I have the rear axle completely disassembled and about to start a complete re-build.
However, I cant remove the Hyatt bearing sleaves.
Your suggestions/instructions please?
I found that old grease had formed a bond between the sleeve and the axle tube. I had a fight, but it let go when turning the sleeve so it would collapse into the gap in the sleeve, turning the wrong way only tightens the sleeve in the housing. Great fight, lots of swearing and persistence won out.
Get the tool if you already don't have one:
You put it in the sleeve, the spring loaded pin/button rests in the hole in the sleeve, turn the tool and pull out the sleeve.
As Peter indicate above, the sleeve is split and twisting the sleeve causes the diameter to decrease. The above tool usually makes easy work of it.
The sleeve has a chevron shaped gap that must be fully cleared in order for the sleeve to collapse. You're not going to reinstall the sleeve, so beating it up to get it out is fully acceptable here. I have heated the sleeves to soften the old grease, and used a large flat nose screwdriver, to create an edge at the chevron, from which to encourage the sleeve to collapse. Also found that swearing and cold adult beverage resulted in a decisive technical advantage.
My old outer bearing sleeve was completely stuck and couldn't be removed with the sleeve-removal tool. My solution was to purchase a ball bearing from the hardware store that fit into the "dimple" hole (5/16"?) of the axle tube (that is, the hole where the sleeve locks in place). I used a hose clamp to push the bearing into the hole. This moved the sleeve inward enough to grab it with vise-grips and other tools to bend and force it out. The new sleeves insert and remove easily.
On my last rear axle rebuild I had some stubborn sleeves. I got out my torch and used a little heat. Smoked the shop up some but not much. After cooling things down I used WD-40 and after a nudgeing with the sleeve puller the sleeves came out fairly easy.
I'll do the same thing again if the sleeves are diffulcult in another axle.
Part of the secret is using a long enough bar through the holes in the sleeve puller and turning the correct way.
I like PJ's approach. Break it free & remove. Of course the tool is the best way.
If your sleeve puller has a 1/2 inch hole in the top,I use a 3/8 extension drive that fits in and is about 3 ft long. I wedge the differential half with my feet and bump the handle(in the right direction) and usually out it comes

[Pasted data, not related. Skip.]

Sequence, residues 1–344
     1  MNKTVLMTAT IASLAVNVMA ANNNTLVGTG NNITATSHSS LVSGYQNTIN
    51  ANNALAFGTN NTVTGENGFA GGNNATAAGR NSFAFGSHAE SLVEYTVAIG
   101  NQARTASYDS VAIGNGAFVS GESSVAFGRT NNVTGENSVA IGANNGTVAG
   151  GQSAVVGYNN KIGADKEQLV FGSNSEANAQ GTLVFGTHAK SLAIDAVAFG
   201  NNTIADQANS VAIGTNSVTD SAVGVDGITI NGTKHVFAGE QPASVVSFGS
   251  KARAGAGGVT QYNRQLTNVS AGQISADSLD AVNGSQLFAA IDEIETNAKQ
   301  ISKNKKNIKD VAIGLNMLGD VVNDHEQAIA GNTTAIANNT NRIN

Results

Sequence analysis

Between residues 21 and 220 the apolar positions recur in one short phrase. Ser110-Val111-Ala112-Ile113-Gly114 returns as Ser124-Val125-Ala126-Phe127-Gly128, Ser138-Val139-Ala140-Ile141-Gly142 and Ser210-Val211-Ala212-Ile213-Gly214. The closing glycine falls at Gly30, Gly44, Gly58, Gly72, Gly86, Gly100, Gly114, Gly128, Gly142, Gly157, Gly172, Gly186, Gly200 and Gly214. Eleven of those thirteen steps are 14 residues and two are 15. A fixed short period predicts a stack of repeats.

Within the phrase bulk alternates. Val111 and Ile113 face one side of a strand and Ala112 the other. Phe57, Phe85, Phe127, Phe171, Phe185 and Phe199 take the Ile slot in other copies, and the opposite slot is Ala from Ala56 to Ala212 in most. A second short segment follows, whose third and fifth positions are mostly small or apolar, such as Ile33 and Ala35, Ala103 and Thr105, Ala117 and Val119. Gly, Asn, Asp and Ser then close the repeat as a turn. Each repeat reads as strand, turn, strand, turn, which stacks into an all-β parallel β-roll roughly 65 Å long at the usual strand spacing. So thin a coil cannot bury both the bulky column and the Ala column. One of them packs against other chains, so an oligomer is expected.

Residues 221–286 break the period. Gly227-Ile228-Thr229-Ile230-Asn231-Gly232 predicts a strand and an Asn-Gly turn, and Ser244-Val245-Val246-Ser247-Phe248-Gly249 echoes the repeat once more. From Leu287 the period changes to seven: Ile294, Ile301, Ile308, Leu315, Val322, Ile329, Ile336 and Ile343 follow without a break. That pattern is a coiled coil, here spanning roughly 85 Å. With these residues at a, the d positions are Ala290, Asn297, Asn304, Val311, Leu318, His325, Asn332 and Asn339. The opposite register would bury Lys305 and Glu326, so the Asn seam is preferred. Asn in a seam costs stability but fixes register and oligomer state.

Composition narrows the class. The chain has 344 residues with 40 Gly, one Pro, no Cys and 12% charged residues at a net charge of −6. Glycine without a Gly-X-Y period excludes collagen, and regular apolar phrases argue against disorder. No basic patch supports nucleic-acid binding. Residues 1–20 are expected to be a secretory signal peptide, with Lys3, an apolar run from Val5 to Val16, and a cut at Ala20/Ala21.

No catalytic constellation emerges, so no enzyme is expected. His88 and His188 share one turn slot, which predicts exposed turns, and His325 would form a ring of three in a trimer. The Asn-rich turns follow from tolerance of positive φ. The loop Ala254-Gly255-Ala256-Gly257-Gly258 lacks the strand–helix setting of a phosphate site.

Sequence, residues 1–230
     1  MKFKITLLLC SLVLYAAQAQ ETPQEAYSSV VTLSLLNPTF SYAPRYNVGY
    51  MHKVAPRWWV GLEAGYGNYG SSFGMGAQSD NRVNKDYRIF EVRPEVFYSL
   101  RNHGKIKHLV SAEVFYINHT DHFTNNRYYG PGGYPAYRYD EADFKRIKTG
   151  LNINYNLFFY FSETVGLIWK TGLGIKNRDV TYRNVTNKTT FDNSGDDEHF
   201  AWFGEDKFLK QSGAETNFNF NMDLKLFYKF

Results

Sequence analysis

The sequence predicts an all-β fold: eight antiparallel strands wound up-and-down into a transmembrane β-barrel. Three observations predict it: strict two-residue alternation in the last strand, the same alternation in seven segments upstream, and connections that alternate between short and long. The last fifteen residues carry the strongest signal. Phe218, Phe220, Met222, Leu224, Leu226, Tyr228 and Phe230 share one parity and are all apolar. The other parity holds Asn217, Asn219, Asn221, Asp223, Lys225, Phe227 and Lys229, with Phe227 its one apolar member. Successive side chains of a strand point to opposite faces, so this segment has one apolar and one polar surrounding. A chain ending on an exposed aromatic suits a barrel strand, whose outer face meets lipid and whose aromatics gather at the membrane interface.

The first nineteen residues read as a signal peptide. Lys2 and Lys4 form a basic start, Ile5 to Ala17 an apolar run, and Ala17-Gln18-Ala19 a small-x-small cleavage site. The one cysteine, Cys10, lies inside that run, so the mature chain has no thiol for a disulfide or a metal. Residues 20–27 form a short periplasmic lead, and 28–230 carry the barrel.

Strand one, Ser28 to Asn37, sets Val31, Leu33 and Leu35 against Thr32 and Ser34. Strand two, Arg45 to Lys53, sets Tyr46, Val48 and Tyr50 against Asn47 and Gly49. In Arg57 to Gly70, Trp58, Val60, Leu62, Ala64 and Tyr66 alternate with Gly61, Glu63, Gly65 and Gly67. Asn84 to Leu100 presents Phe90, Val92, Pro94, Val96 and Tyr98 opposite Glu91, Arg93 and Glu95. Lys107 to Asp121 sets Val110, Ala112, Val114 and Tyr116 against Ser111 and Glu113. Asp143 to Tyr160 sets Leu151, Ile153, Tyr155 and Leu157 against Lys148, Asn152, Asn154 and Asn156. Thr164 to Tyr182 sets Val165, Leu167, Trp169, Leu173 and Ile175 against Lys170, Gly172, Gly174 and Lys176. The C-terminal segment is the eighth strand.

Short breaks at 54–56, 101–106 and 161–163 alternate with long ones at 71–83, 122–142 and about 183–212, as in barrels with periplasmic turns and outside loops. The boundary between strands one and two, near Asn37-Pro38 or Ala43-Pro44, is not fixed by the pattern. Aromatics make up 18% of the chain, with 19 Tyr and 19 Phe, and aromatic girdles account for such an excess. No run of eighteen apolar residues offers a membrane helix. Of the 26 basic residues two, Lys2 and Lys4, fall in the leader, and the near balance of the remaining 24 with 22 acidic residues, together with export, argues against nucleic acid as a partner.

I had to slightly heat the axle tube to soften the 100 year old grease. Came out easily then.
"Thank you" for your answers Gents.
I don't have one of those pullers and if I ordered one it'd take a week to 10 days to get here and I hope to have the job finished much sooner than that.
Also, as Scott mentioned I don't need to keep the sleeves, so butchering them wont matter. (I guess I should have mentioned I'll be installing John Stoltz's sealed inner and outer bearings.) So, it looks like heat and beating them up is the way to go, and I'll take the advice and use some cold adult beverage to make the job a little easier.
Once again, "Thanks" for answering yet another of my dumb questions.
Rather than getting destructive, why not just make the tool you need. There's not much to it at all. My dad made his own out of a piece of pipe that fit nicely inside the sleeve. The pipe has a hole drilled in one end that has a spring loaded pin protruding. The pin engages the sleeve. Other end has a handle to twist & pull. You only have to make it once and you have a useful tool for life.
I made my own tool out of a pipe, a screw and a spring that forced the screw outwards through a hole in the pipe for the first axle I dismantled. Not so hard to make, especially if the housings are apart so the axle shaft isn't in the way. The inner sleeves may still be usable (& I think it's bad to destroy old Ford parts that still can be used..)
You're correct in that most inner sleeves are in very good condition.
James you and I had the same idea. Don't fight the stiff and old hardened grease. A little heat does wonders.
Here are two photo of a home made sleeve puller. Took just a couple minutes to make and worked well.
Well, they're out.
With a little heat it took no time at all.